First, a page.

If you're not familiar with the idea of a Tech Shop, they are basically like a gym for people who like to make things. You buy a membership for a month, or six months, or a year or more, and the membership allows you access to their facility. The facility is equipped with all manner of industrial equipment, the like of which you probably can't afford to have in your basement workshop–welding stations, CDC routers, shop bots, plasma cutters, screenprinting equipment, laser cutters, industrial sewing machines, rapid prototype machines, and a computer lab full of all kinds of design software. In order to use a piece of equipment, you have to take a training class first; once you are on record as having taken the training, you may book time on the equipment and use it for whatever project you need it for.
I initially became interested in getting involved with our local Tech Shop because I knew they had a computerized embroidery machine, something we do not have access to at work, but something I can imagine we might need–not often, not often enough to invest in one of our own, but worth having access to. Then, I learned a bit more about some of their other equipment which I could envision being similarly useful. We can screen print on a small scale for a small run on site in my dye facility, but knowing I could head over there and use their dedicated screenprinting rig for a job that required dozens of multiples, that's pretty excellent. And, they have a vacuum forming machine, and we'v got armor class coming up in the spring. I could envision millinery projects in which the laser cutter/etcher could be used to create ornaments, and the shop bot to create hat blocks.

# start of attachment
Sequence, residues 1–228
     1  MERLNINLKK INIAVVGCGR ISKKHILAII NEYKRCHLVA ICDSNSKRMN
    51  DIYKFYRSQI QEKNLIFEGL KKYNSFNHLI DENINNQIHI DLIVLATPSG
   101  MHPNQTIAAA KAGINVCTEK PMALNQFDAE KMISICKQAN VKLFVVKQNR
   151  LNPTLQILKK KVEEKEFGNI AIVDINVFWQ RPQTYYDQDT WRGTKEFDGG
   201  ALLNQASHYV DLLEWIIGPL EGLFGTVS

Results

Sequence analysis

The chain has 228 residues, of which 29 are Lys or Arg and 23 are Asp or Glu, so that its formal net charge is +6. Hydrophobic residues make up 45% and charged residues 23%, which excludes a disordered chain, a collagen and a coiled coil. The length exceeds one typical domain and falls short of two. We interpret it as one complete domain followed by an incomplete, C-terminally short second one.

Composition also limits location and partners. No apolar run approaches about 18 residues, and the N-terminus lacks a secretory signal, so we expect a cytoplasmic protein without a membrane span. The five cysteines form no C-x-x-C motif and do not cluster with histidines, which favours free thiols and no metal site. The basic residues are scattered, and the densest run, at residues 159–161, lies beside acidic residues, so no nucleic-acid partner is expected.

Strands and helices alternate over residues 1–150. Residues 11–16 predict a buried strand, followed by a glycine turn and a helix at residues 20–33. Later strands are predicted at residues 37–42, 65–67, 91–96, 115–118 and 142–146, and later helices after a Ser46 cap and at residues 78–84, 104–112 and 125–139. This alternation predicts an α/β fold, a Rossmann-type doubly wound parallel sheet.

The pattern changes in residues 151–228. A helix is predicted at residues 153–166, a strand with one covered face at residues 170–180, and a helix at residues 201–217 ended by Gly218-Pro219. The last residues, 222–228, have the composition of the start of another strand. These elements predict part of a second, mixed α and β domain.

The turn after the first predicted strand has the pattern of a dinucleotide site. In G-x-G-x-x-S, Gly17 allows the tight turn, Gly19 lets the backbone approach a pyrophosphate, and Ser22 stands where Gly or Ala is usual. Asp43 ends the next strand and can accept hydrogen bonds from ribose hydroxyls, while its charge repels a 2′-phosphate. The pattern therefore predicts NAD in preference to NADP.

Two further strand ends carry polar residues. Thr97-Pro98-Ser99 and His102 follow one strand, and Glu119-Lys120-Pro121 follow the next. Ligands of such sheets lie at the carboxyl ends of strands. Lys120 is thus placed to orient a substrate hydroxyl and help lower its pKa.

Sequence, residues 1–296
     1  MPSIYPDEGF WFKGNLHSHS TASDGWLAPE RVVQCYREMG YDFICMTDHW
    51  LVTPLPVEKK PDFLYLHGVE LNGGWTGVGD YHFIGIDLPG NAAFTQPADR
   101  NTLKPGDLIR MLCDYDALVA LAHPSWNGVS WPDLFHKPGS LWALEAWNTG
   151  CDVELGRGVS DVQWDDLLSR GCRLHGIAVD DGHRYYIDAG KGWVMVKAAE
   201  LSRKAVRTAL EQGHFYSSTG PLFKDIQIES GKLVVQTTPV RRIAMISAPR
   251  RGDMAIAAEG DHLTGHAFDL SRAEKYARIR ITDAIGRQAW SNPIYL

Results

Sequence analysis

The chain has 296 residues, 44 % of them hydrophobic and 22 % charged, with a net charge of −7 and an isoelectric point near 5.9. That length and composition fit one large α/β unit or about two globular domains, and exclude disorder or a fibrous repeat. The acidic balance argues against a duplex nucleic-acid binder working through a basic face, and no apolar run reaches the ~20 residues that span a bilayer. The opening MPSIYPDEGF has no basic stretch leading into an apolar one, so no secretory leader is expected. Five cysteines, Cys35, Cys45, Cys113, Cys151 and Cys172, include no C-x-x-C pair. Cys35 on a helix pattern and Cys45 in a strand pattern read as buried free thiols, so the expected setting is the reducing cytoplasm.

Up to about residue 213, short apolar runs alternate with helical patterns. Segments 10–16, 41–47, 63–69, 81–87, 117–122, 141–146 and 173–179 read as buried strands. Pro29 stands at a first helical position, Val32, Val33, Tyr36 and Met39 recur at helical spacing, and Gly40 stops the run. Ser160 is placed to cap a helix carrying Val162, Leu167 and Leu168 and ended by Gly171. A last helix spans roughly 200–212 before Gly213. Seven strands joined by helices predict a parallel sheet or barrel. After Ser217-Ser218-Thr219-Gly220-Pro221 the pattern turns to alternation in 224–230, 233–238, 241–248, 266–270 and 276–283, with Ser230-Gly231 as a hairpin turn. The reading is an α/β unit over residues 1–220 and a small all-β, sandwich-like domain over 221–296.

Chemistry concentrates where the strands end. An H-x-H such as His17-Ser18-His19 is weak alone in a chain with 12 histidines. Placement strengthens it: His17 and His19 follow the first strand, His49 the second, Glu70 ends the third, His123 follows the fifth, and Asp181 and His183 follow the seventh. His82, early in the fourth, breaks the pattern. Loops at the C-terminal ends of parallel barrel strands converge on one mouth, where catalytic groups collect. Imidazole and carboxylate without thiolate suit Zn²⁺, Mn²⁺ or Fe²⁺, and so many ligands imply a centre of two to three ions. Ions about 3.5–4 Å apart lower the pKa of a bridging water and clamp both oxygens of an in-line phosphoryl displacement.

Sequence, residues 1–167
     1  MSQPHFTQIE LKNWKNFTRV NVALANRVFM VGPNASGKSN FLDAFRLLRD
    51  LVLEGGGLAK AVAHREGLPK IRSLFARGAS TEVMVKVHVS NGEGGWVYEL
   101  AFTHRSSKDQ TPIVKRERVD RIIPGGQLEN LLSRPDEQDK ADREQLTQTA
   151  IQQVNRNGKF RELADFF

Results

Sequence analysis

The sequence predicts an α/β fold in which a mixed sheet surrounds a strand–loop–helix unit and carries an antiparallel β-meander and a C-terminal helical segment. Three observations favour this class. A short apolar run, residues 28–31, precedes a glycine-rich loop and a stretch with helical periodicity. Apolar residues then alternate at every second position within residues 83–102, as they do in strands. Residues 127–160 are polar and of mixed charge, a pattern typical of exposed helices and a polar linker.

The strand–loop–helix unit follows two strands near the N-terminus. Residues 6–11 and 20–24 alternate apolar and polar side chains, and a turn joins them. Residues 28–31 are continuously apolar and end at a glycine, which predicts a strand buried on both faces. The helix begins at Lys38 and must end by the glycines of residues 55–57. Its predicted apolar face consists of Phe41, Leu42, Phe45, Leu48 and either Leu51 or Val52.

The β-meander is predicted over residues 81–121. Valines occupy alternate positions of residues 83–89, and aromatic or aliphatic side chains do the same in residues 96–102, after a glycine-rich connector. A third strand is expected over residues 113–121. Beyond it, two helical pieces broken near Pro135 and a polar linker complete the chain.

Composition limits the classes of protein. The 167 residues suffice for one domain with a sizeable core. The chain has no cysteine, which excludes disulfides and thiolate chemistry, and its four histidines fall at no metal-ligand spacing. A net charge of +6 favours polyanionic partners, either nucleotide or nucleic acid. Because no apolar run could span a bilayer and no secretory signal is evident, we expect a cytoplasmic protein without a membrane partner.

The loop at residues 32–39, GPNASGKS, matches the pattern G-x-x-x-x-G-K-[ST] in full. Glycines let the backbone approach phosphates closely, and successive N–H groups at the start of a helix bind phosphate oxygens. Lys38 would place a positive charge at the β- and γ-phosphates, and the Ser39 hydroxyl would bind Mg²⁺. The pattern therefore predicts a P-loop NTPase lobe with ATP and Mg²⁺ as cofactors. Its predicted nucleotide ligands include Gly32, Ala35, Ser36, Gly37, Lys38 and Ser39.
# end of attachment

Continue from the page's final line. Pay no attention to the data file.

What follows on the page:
Over the past three weeks I have taken several of their training classes, in the course of which, I've met dozens of creative people in my community whose interests and artisanship pursuits mesh well with my own. The brainstorming alone of crossover project potential has been so inspiring, that I will be buying a membership in August and chronicling some of the projects that result in here as well.
From its beginnings in Menlo Park, California, in 2006, Tech Shop is turning into a franchise. There are locations springing up all over the country–three in California, the one here in Raleigh, Detroit, Portland, Brooklyn. All either operational or opening soon. Pretty exciting! You can see some pictures of the equipment at the Menlo Park location on this blog post, though it seems they have a few more things and much more space than the one here in Raleigh.
Before I can begin working on any of my Tech Shop project concepts though, I'll be spending a month in Scotland, Edinburgh to be exact. I'll be doing quite a bit of academic work and research, but that which is topical to this blog, I'll hopefully have time to post about. I'll be visiting some costume collections, some Scottish milliners and costume makers and university programs similar to ours at UNC-Chapel Hill. I will be taking lots of pictures, you can count on that!